I am often asked what does Job Evaluation involve? Well, it is a process for assessing the relative size of jobs in an organisation so that you can determine how much to pay staff I reply. Yes but what does it really involve? There are different ways of evaluating jobs but you start by defining the criteria you are going to use to compare jobs. For example, knowledge and skills, complexity etc. These in turn need to be defined in more detail by specifying the number of levels in each and describing what applies at every level. Okay but then what? Once you have agreed the criteria, which we call evaluation factors, you need to try them out on a sample of jobs just to make sure they fit the context, culture and values of the organisation. So that’s all there is to it? No, that’s just the start. Before you can do this in earnest you have to train the people who will evaluate the jobs. You also need to make sure you have up to date information on each job. Then you are good to go!

Okay talk me through this slowly so I get it. Start by organising evaluation sessions. Some organisations do this in short two-hour sessions, some one or two days at a time, others even do it in blocks of weeks at a time. Why does it take so long? The main concern is treating people fairly otherwise there is little point in evaluating jobs at all. To do that takes skill and time and if you rush through it mistakes will be made. So, if I have say 100 jobs to evaluate how long will it take? A good rule of thumb is an average of ten jobs a day over the duration of the project. Some days you will do more, others less. You also need to keep accurate records which takes time. Ten jobs a day doesn’t seem that many where does the time go? That’s a great question. I find the best way to evaluate jobs is to allow the evaluators time to read and discuss the job information, ask questions for clarification, and then assess the jobs individually. I then ask them to share their evaluations so they can reach a consensus. Its common for evaluators to see jobs differently and that is the power of a group approach. How do you resolve differences of opinion? Evaluators have to talk it through. You mention personal opinion and that captures the essence the challenge. An opinion is subjective and evaluators need to establish facts before they can reach agreement. Job information, lets say in a role profile or description, can be interpreted differently and that’s why discussion is so important. All too often I experience evaluators rushing to the end result only to be faced with disagreement and prolonged debate. If you take time to discuss jobs properly agreement is much easier to achieve.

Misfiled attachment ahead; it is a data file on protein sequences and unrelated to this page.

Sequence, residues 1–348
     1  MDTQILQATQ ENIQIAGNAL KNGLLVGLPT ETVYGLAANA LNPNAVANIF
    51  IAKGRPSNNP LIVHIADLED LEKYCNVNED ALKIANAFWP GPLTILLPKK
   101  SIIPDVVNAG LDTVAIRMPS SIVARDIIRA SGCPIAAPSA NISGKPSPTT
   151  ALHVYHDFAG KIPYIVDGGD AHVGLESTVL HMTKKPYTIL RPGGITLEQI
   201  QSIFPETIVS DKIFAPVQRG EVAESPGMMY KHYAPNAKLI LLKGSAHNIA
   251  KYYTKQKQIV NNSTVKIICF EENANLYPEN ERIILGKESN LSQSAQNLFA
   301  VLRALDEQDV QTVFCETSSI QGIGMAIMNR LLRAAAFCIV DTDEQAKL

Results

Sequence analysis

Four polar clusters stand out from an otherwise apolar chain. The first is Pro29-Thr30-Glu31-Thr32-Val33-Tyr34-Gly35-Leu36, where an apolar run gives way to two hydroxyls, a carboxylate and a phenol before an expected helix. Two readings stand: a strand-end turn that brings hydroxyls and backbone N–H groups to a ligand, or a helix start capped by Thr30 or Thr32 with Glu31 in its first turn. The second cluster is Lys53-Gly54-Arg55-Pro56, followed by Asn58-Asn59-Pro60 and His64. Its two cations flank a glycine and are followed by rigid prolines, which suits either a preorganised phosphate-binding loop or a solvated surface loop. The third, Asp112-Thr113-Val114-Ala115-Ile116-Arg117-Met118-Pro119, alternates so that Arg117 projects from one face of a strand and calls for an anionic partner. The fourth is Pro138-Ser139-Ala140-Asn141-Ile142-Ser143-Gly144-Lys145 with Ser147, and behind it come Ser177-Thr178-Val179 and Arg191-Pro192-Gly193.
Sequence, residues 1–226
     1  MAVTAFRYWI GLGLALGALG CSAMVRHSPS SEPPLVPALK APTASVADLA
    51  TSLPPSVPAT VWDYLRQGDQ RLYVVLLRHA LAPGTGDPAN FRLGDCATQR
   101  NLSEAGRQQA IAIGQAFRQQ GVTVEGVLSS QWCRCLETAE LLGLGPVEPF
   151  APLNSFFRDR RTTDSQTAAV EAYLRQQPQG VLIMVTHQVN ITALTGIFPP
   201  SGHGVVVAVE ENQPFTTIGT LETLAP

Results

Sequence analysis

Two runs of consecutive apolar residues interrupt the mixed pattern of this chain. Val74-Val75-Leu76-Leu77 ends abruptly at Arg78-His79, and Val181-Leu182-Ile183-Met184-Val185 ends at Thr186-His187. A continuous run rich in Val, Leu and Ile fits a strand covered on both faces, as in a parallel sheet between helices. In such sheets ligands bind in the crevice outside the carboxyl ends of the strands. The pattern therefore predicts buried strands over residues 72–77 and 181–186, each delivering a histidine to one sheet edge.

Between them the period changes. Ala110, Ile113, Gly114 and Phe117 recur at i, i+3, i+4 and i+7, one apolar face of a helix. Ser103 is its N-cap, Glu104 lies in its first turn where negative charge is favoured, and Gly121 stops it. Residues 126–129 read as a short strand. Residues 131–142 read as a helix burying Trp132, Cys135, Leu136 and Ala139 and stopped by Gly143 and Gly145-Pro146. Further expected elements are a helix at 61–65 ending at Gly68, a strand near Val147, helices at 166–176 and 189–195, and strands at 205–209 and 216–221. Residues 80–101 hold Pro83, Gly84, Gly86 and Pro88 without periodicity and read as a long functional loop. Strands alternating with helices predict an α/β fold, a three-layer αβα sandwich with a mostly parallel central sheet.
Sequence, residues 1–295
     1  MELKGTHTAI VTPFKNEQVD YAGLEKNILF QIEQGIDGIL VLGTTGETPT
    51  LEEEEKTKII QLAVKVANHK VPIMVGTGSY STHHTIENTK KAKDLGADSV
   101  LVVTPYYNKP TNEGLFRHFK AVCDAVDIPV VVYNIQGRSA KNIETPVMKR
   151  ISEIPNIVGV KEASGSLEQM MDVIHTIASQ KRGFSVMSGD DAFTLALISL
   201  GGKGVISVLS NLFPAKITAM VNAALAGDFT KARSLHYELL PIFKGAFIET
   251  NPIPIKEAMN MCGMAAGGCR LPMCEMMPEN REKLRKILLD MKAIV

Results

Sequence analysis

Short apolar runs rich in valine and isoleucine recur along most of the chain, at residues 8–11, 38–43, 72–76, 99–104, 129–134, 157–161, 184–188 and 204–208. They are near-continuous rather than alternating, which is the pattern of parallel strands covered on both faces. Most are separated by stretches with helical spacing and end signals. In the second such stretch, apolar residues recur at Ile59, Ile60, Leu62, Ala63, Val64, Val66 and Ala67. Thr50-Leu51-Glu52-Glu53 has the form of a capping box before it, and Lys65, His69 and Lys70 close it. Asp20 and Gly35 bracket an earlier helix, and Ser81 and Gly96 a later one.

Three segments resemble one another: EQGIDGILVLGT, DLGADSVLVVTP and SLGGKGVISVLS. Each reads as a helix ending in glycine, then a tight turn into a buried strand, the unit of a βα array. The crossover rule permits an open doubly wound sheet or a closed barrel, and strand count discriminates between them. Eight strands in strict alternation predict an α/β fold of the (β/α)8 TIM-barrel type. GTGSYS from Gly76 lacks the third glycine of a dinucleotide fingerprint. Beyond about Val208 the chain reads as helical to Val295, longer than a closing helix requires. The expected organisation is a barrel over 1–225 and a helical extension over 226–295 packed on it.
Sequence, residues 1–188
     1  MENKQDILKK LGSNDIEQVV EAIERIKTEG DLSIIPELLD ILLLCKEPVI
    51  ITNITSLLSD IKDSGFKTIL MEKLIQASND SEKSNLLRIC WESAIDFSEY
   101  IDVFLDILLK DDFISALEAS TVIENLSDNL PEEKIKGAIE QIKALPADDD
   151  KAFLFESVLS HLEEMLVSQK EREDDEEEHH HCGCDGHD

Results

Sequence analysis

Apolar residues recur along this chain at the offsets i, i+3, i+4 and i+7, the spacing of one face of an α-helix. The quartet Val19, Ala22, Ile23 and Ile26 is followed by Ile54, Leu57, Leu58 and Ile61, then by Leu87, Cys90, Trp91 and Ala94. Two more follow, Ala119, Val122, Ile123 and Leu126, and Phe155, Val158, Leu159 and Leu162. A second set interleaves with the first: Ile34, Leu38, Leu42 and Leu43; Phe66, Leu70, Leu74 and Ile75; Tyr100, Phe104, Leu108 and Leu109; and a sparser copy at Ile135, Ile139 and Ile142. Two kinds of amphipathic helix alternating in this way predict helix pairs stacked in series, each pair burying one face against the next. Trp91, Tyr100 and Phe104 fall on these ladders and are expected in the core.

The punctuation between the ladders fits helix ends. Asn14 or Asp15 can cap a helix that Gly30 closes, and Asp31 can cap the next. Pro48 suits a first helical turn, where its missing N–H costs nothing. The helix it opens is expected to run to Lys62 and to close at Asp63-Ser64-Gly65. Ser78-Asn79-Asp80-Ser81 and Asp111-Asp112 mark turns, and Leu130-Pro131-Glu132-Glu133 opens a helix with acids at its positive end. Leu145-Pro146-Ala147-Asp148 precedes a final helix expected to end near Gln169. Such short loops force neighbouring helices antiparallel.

So, I kind of get this but what do the outputs of job evaluation look like? Normally you get a job size which is a number expressed in job units. Job sizes vary from under 100 up to several thousand job units depending on the job and the size of organisation. Some processes only give a level.

How does this all link to pay? Much depends on how the client wants to manage pay. In most instances job evaluation underpins the grade structure and job size determines the grade for the job. In others job size is used directly to assess market rates specific to the job. There is no right answer and in many cases clients use both approaches.